The 'Carolina' Session Growth, Reproduction, and Biomass of Hydrilla in North Carolina,
NORTH CAROLINA STATE UNIV RALEIGH DEPT OF BIOLOGY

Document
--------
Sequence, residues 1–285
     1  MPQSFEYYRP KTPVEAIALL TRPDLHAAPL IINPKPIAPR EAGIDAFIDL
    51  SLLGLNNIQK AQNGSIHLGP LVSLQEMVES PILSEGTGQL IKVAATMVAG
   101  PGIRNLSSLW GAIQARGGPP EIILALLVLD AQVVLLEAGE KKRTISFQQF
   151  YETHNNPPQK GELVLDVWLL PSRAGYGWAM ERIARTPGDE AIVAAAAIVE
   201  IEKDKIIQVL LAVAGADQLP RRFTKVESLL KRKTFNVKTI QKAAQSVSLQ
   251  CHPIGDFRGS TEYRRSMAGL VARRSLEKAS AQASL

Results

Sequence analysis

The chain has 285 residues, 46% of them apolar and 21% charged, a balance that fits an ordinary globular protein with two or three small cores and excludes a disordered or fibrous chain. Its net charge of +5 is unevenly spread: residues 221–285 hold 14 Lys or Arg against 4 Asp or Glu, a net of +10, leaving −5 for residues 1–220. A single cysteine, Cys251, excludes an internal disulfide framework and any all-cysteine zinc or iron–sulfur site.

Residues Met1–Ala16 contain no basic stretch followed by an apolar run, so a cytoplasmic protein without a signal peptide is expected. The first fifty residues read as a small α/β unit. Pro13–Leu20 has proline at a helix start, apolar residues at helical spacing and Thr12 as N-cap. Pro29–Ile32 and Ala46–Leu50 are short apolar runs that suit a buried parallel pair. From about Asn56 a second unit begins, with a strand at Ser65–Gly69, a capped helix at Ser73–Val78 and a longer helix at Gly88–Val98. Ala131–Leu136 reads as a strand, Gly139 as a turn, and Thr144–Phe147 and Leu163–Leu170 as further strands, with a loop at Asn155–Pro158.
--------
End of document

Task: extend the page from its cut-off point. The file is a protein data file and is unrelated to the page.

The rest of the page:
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Certain morphological and physiological characteristics are associated with the phenomenal ability of hydrilla to invade an aquatic system, overtop more desirable native rooted aquatic species, and form very dense monospecific mats. One of these adaptations is the formation of tubers which are vegetative propagules formed at the ends of positively geotropic rhizomes Van, Haller, and Garrard 1978. Tubers develop in the hydrosoil and thus are very resistant to all control methods. Also, hydrillas ability to become established and photosynthesize under low light intensities is unequaled by any other submersed rooted aquatic macrophyte Van, Haller, and Bowes 1976. Hydrilla growing in lakes in Umstead State Park in North Carolina was first identified by William Haller in 1981 and had apparently been established in the area for several years. Since its initial identification, hydrilla has been found in 18 other water bodies, all in Wake Country. Hydrilla has the potential to become a very serious problem as there are presently no effective means of halting its spreading or eradicating it after infestation occurs. For effective management in North Carolina, knowledge of the growth, reproduction, and biomass of hydrilla in North Carolina is needed. This research addresses these questions.